- Busoni 1962, p. 95.
- Russcol 1972, pp. 35–36.
- "To present the musical soul of the masses, of the great factories, of the railways, of the transatlantic liners, of the battleships, of the automobiles and airplanes. To add to the great central themes of the musical poem the domain of the machine and the victorious kingdom of Electricity." Quoted in Russcol 1972, p. 40.
- Russcol 1972, p. 68.
- Holmes 2012, p. 18
- Holmes 2012, p. 21
- Holmes 2012, p. 33; Lee De Forest (1950), Father of radio: the autobiography of Lee de Forest, Wilcox & Follett, pp. 306–307
- Roads 2015, p. 204
- Holmes 2012, p. 24
- Holmes 2012, p. 26
- Holmes 2012, p. 28
- Toop 2016, p. "Free lines"
- Smirnov 2014, p. "Russian Electroacoustic Music from the 1930s–2000s"
- Holmes 2012, p. 34
- Holmes 2012, p. 45
- Holmes 2012, p. 46
- Jones, Barrie (3 June 2014). The Hutchinson Concise Dictionary of Music. Routledge. ISBN 978-1-135-95018-7.
- Anonymous 2006.
- Engel 2006, pp. 4 and 7
- Krause 2002 abstract.
- Engel & Hammar 2006, p. 6.
- Snell 2006, scu.edu
- Angus 1984.
- Young 2007, p. 24
- Holmes 2008, pp. 156–157.
- Palombini 1993, 14.
- "Musique Concrete was created in Paris in 1948 from edited collages of everyday noise" (Lebrecht 1996, p. 107).
- NB: To the pioneers, an electronic work did not exist until it was "realized" in a real-time performance (Holmes 2008, p. 122).
- Snyder 1998.
- Lange 2009, p. 173.
- Kurtz 1992, pp. 75–76.
- Anonymous 1972.
- Eimert 1972, p. 349.
- Eimert 1958, p. 2.
- Ungeheuer 1992, p. 117.
- (Lebrecht 1996, p. 75): "... at Northwest German Radio in Cologne (1953), where the term 'electronic music' was coined to distinguish their pure experiments from musique concrete..."
- Stockhausen 1978, pp. 73–76, 78–79.
- "In 1967, just following the world premiere of Hymnen, Stockhausen said about the electronic music experience: '... Many listeners have projected that strange new music which they experienced—especially in the realm of electronic music—into extraterrestrial space. Even though they are not familiar with it through human experience, they identify it with the fantastic dream world. Several have commented that my electronic music sounds "like on a different star", or "like in outer space." Many have said that when hearing this music, they have sensations as if flying at an infinitely high speed, and then again, as if immobile in an immense space. Thus, extreme words are employed to describe such experience, which is not "objectively" communicable in the sense of an object description, but rather which exist in the subjective fantasy and which are projected into the extraterrestrial space'" (Holmes 2002, p. 145).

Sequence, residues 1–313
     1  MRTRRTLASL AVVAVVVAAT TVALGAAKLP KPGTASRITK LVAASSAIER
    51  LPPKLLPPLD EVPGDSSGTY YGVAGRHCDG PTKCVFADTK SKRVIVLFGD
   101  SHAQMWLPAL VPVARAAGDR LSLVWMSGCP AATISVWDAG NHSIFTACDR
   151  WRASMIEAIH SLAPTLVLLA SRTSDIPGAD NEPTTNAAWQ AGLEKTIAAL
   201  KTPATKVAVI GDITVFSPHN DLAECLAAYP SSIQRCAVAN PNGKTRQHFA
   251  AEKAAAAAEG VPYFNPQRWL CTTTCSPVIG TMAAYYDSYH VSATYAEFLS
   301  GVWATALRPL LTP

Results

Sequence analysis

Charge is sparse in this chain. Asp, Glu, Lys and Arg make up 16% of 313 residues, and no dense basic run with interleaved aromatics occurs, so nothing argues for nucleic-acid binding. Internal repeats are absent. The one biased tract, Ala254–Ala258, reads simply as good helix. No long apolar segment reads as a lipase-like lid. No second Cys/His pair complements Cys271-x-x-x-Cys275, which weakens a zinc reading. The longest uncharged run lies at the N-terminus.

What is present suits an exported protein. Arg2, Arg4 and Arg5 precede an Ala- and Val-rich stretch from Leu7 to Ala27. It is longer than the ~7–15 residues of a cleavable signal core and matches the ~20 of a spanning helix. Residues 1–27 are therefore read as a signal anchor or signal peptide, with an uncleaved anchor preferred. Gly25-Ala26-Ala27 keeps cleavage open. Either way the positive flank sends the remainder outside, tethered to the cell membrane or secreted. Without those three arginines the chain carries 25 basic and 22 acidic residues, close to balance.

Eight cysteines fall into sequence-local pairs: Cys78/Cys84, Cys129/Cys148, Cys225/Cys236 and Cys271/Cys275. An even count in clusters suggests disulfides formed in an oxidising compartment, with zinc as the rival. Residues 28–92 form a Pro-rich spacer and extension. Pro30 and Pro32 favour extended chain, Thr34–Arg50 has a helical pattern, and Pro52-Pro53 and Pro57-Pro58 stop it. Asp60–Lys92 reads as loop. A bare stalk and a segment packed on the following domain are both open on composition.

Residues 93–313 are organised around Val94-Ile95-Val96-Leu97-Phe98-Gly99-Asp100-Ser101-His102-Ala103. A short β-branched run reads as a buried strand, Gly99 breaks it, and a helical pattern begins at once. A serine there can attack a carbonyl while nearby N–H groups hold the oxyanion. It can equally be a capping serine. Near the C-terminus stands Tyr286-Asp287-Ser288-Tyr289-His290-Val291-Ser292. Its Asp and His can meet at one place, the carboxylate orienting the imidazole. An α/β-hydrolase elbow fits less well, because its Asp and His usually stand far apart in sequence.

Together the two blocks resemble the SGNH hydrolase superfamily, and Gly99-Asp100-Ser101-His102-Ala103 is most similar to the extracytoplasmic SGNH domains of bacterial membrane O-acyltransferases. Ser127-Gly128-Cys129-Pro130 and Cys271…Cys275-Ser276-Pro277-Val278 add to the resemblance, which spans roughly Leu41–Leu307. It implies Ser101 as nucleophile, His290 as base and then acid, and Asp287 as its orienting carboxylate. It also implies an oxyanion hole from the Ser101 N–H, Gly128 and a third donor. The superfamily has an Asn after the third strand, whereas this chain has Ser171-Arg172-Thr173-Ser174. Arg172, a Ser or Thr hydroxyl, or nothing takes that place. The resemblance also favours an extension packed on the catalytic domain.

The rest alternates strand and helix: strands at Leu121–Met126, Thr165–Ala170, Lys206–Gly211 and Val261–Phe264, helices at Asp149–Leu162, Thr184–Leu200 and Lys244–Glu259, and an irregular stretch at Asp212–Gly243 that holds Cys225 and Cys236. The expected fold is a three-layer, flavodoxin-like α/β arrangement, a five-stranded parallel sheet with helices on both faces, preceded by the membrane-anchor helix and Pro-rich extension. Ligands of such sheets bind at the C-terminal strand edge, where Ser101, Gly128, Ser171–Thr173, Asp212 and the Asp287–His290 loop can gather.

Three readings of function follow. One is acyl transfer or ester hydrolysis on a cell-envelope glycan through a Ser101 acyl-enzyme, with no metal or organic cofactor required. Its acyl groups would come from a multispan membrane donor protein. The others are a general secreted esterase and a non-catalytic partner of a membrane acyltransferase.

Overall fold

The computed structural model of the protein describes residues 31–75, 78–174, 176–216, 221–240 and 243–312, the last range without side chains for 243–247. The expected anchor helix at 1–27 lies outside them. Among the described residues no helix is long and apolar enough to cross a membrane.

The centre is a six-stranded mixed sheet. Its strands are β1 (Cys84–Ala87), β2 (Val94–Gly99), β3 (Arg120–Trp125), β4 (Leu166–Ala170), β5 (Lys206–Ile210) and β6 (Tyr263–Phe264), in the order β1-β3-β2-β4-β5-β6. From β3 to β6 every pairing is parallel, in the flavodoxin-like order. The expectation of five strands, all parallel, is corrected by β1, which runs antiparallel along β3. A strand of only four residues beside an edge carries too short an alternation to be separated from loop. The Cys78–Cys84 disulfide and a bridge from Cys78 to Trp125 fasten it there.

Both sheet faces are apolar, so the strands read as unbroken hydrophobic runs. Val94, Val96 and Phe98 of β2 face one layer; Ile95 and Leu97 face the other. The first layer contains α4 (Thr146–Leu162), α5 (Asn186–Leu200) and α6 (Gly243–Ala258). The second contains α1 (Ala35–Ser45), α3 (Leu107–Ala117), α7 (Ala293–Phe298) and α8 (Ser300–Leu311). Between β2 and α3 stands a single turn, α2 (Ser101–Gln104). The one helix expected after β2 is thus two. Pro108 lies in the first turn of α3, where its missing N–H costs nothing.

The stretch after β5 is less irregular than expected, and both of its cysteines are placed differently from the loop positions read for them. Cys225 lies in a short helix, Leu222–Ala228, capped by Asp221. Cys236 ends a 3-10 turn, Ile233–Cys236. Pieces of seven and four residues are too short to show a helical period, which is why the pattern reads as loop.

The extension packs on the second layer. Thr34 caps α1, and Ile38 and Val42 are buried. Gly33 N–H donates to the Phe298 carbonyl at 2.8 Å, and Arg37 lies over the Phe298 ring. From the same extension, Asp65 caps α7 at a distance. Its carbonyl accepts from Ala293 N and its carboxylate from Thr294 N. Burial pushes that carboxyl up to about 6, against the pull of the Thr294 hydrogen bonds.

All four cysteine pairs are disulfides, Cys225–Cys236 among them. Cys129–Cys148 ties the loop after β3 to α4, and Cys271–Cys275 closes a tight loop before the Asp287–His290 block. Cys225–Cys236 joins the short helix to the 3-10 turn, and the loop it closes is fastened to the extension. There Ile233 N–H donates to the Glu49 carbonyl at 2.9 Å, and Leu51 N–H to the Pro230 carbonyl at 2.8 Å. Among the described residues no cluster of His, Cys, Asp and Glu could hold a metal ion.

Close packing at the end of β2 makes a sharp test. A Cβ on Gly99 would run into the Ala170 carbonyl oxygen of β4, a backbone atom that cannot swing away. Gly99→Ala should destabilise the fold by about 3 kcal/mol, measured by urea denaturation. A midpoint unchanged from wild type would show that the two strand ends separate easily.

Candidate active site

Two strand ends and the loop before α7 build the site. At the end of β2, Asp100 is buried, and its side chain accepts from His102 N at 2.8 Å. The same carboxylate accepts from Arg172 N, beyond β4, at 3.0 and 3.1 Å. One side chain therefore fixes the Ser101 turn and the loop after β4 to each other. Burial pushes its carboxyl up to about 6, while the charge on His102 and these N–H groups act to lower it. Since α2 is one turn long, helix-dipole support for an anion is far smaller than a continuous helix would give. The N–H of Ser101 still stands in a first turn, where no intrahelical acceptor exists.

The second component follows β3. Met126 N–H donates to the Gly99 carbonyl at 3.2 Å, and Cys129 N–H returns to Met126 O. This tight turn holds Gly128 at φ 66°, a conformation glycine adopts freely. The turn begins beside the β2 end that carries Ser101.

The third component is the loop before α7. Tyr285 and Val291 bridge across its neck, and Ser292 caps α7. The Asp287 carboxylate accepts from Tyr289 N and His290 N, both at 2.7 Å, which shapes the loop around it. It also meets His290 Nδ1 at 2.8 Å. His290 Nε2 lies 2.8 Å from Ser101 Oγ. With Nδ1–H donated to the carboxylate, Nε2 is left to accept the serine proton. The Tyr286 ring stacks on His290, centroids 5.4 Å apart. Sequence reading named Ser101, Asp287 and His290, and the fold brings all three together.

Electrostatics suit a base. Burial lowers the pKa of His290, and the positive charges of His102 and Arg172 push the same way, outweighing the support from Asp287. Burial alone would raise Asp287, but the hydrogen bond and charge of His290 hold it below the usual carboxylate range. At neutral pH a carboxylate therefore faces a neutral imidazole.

- Before the Second World War in Japan, several "electrical" instruments seem already to have been developed (see ja:電子音楽#黎明期), and in 1935 a kind of "electronic" musical instrument, the Yamaha Magna Organ, was developed. It seems to be a multi-timbral keyboard instrument based on electrically blown free reeds with pickups, possibly similar to the electrostatic reed organs developed by Frederick Albert Hoschke in 1934 then manufactured by Everett and Wurlitzer until 1961.
- 一時代を画する新楽器完成 浜松の青年技師山下氏 [An epoch-defining new musical instrument was developed by a young engineer Mr.Yamashita in Hamamatsu]. Hochi Shimbun (in Japanese). 8 June 1935.
- 新電氣樂器 マグナオルガンの御紹介 [New Electric Musical Instrument – Introduction of the Magna Organ] (in Japanese). Hamamatsu: 日本樂器製造株式會社 (Yamaha). October 1935.
特許第一〇八六六四号, 同 第一一〇〇六八号, 同 第一一一二一六号
- Holmes 2008, p. 106.
- Holmes 2008, pp. 106, 115.
- Fujii 2004, pp. 64–66.
- Fujii 2004, p. 66.
- Holmes 2008, pp. 106–107.
- Holmes 2008, p. 107.
- Fujii 2004, pp. 66–67.
- Fujii 2004, p. 64.
- Fujii 2004, p. 65.
- Holmes 2008, p. 108.
- Holmes 2008, pp. 108, 114–115.
- Loubet 1997, p. 11
- Luening 1968, p. 136.
- Johnson 2002, p. 2.
- Johnson 2002, p. 4.